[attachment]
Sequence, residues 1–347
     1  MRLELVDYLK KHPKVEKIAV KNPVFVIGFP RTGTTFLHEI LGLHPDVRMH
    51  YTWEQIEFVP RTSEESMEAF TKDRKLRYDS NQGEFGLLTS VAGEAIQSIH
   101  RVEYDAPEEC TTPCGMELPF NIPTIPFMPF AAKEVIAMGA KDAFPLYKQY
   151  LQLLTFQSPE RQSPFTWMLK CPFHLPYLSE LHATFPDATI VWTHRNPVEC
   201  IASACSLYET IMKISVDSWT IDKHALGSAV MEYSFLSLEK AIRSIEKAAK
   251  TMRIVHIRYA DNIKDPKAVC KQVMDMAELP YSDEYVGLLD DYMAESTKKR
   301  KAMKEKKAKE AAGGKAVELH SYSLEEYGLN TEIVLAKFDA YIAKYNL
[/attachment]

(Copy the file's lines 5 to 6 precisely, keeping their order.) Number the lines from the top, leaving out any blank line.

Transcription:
   151  LQLLTFQSPE RQSPFTWMLK CPFHLPYLSE LHATFPDATI VWTHRNPVEC
   201  IASACSLYET IMKISVDSWT IDKHALGSAV MEYSFLSLEK AIRSIEKAAK